Florida tries to continue with this trend — which Maine, NY, Maryland and others lean the opposite direction. Make a similar statute to 500.90 for Plastic Straws. Plastic Straws are the newest rage in Tallahassee, or so it seems. Lawmakers “Plastic Straw Ban” bill (HB 771) that would have blocked local governments from banning plastic straws — a la 500.90 language.

    Then guess what? Our governor thankfully saw this pendulum swinging too far to one side and vetoed the measure.

    DeSantis wrote “the state should simply allow local communities to address this issue through the political process. Citizens who oppose plastic straw ordinances can seek recourse by electing people who share their views.”

    If DeSantis continues to veto, Plastic Straws will meet their doom, county by county, city by city. But, styrofoam will continue to be protected unless our lobbyist-hypnotized legislature wakes up to the necessities of preserving our planet over alleged concerns about “confusing customers or making life difficult for retailers.”

    Read more here: https://www.miamiherald.com/news/local/community/miami-dade/coral-gables/article233995142.html#storylink=cpy

  6. Gosh, it sure looks like Gables officials are wasting a lot of our taxpayer $$$. First, they spend an inordinate amount of time/$$$ on the whole annexation issue, and now more time/$$$ spent on the this polystyrene issue. Stay in your lane, CG officials – pave the darn roads, freeze the high garbage fees, and trim the swale trees.

  7. Hopefully the City will be successful in having the Florida Supreme Court hear this case. While a state statute can clearly preempt a local ordinance, if not encroaching upon its “Home Rule,” and if not directed only against a targeted city or area, the flaw that I see with the Court’s analysis is regarding the retroactive aspect of the enactment. If the City had passed the ordinance prior to January 1st, then there would be no issue and the ordinance would stand. But, why choose January 1st of this year? Why not just say that the law preempts any local ordinance passed after say January 1, 1987? So, some localities that enacted their ordinances prior to January 1, 2019 are protected, but others are not. And, the only city to have passed such an ordinance in the interim between January 1, 2019 and July 1, 2019 was Coral Gables. Shouldn’t the statute have started on the date enacted so as to not have a discriminatory effect on Coral Gables? All of this is only made more infuriating by the fact that such ordinances have shown that there are practical eco-friendly options to plastics, especially polystyrene, with little effect on the bottom line of local retailers — BUT with a big effect on the bottom line of the industries making and supplying litterbug plastics that serve to choke our very sensitive environment. The legislature needs to act — but don’t expect them to do so — DEMAND THAT THEY DO SO. Our cities want such laws. Our counties want such laws. The people want such laws. Soooooooooo, why no laws?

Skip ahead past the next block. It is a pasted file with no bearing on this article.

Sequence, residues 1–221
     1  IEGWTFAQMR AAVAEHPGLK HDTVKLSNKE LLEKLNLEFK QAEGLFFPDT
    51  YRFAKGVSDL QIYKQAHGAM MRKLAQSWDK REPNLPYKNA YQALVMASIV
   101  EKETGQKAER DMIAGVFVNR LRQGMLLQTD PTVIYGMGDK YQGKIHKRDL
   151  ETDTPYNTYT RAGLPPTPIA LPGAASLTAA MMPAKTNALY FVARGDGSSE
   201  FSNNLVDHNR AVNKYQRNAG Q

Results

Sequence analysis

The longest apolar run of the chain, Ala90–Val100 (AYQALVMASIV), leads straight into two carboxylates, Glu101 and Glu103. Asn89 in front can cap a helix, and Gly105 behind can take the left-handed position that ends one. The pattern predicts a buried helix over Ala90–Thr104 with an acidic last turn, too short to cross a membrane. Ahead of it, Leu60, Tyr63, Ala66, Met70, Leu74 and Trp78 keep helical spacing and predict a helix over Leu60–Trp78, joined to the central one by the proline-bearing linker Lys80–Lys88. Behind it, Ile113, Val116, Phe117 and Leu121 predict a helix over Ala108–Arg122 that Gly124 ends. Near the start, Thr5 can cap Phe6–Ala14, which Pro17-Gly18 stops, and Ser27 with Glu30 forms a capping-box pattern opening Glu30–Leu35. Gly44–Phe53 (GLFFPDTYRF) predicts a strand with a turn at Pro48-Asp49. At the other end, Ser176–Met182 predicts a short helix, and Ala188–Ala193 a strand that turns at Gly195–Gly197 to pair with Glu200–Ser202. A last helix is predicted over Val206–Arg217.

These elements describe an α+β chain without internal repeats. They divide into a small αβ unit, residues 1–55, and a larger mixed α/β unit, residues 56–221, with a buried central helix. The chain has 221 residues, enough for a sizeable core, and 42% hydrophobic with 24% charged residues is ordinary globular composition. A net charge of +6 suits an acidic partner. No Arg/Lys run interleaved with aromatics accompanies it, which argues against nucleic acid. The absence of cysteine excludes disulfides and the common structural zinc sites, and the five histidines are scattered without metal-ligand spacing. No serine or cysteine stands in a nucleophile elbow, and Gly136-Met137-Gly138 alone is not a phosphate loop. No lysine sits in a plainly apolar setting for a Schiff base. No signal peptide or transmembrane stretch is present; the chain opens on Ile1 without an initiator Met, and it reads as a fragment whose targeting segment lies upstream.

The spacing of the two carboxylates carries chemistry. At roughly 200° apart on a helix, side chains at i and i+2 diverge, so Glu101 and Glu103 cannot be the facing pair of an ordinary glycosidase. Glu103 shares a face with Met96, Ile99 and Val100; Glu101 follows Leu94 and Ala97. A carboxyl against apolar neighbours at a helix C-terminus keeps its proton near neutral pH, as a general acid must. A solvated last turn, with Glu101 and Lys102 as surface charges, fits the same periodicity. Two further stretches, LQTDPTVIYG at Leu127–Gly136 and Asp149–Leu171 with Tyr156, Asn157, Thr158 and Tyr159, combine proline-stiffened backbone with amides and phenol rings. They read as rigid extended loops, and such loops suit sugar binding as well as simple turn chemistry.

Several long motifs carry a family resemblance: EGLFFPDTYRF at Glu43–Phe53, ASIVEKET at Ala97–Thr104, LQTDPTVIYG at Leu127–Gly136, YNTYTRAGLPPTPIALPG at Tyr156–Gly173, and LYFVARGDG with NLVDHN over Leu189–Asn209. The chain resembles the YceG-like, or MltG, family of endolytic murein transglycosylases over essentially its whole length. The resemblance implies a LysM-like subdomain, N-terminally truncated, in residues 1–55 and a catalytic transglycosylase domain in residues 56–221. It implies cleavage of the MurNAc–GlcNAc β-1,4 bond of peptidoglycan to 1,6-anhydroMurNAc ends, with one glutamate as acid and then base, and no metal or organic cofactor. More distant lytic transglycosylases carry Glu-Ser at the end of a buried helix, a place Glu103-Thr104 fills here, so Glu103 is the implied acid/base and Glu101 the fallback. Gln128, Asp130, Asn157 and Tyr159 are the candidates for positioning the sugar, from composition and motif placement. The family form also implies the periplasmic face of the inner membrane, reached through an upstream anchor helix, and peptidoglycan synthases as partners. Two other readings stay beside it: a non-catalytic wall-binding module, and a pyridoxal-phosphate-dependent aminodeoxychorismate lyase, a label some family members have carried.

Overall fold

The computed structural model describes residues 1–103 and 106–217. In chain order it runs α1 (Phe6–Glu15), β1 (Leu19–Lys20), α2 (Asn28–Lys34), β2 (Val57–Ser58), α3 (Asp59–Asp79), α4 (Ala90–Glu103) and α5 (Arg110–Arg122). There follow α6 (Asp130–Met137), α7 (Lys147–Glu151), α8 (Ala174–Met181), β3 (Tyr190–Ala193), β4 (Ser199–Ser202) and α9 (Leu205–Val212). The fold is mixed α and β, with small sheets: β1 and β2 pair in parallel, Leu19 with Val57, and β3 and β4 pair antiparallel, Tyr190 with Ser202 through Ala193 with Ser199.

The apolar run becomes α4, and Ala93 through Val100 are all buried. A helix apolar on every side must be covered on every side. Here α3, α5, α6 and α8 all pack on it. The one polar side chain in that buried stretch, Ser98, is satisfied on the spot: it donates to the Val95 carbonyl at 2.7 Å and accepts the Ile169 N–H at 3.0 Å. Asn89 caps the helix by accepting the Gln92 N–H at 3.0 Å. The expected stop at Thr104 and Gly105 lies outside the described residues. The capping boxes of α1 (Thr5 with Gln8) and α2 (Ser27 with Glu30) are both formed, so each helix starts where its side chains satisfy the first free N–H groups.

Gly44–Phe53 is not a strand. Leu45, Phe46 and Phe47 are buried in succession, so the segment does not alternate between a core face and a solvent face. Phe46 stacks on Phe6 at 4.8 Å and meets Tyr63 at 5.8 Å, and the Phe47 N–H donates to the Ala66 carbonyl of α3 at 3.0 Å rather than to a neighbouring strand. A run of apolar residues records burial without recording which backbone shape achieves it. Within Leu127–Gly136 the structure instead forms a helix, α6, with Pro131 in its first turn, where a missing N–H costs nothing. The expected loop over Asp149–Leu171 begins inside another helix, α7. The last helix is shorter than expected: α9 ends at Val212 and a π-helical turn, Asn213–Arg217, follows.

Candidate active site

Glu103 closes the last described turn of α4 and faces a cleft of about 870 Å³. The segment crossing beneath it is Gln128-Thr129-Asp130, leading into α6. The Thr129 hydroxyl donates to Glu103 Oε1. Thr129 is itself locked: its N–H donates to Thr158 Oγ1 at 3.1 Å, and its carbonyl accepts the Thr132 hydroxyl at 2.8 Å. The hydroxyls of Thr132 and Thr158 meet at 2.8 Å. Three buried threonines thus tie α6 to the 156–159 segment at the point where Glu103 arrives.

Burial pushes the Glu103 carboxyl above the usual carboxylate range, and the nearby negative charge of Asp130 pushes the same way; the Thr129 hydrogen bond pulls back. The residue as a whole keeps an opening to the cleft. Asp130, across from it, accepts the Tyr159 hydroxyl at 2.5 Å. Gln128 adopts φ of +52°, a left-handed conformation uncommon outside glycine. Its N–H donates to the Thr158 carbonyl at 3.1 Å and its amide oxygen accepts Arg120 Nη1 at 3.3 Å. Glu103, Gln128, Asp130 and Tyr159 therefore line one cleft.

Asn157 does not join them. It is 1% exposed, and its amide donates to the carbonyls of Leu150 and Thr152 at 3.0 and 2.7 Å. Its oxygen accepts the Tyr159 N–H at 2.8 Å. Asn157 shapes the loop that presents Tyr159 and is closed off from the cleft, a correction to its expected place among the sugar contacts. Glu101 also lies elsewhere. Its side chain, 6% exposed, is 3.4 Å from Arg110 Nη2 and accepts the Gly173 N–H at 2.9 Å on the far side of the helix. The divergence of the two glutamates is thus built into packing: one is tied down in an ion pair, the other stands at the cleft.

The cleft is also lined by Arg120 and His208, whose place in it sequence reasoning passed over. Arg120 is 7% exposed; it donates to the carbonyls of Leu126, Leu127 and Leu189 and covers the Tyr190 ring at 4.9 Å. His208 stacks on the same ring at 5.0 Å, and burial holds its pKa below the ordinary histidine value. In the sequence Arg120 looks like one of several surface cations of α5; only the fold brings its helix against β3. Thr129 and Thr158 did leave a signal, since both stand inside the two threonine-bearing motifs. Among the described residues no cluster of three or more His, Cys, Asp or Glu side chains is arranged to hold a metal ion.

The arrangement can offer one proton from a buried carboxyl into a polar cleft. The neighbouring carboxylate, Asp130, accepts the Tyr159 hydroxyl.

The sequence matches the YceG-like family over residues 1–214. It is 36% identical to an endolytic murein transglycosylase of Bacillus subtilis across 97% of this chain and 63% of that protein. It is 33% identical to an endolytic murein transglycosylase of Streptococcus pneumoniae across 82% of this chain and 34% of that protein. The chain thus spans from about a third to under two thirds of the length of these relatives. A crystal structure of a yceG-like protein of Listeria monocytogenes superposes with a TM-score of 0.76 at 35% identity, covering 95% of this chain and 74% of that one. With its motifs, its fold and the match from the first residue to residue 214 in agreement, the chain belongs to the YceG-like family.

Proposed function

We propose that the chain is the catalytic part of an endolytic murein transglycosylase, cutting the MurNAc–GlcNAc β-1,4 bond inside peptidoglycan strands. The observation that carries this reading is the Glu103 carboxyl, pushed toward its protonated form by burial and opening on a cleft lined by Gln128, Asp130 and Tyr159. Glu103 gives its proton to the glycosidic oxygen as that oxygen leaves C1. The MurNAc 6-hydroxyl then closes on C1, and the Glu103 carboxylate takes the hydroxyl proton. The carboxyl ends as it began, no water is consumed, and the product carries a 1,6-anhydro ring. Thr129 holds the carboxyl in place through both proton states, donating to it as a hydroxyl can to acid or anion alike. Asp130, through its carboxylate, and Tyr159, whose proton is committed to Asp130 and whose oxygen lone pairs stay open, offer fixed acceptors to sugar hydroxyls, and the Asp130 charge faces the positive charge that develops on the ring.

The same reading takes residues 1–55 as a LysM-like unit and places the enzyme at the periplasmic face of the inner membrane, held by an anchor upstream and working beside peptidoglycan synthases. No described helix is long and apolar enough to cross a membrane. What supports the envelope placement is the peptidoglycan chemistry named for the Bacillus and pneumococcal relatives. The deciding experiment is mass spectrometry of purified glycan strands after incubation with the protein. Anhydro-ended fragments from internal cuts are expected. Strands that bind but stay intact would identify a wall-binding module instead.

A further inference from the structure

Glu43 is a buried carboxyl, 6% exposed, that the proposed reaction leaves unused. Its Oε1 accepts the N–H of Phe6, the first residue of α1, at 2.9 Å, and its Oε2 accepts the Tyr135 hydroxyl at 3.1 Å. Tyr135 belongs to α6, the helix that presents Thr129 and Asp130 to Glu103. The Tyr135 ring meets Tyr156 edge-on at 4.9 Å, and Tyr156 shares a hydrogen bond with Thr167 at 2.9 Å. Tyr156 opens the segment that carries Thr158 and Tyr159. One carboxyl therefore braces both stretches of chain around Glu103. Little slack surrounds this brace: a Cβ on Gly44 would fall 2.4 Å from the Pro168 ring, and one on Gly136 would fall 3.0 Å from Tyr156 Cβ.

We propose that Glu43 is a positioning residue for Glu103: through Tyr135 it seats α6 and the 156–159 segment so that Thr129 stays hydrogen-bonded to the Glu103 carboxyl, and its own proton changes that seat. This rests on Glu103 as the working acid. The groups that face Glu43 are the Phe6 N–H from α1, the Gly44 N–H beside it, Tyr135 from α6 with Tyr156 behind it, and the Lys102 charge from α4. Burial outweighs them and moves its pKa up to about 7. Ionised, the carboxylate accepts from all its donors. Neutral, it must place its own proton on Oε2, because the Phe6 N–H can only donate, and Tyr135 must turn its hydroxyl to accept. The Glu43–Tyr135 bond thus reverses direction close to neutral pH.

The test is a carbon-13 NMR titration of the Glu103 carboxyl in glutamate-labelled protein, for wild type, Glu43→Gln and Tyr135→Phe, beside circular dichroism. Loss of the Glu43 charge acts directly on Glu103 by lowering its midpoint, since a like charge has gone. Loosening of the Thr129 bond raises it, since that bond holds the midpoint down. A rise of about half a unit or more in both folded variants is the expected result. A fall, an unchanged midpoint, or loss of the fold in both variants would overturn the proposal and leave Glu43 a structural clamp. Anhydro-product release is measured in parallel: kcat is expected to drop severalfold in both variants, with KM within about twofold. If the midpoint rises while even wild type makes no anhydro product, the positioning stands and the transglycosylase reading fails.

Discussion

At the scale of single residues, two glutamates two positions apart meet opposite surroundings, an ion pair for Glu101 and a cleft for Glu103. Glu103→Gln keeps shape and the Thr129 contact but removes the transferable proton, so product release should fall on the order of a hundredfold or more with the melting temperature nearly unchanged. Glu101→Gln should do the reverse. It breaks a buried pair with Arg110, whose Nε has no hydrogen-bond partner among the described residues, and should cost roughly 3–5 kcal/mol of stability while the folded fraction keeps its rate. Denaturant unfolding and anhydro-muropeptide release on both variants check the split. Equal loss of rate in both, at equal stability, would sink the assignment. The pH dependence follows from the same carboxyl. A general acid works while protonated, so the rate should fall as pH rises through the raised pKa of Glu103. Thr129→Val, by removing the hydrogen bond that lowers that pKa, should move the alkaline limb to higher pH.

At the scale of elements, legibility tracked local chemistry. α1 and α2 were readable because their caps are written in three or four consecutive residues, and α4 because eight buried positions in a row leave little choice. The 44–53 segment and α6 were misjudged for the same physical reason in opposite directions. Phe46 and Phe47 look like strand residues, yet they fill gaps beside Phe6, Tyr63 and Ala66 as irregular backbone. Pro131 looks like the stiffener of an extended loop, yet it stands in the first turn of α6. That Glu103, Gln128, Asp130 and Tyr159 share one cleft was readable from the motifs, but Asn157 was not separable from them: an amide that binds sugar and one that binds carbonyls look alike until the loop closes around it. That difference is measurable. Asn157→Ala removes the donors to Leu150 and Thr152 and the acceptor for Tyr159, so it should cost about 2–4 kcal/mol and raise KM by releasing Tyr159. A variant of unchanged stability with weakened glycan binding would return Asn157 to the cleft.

8. Thank you for all the information you impart as regards Coral Gables.
    I appreciate not wading through extraneous non-Gables stuff.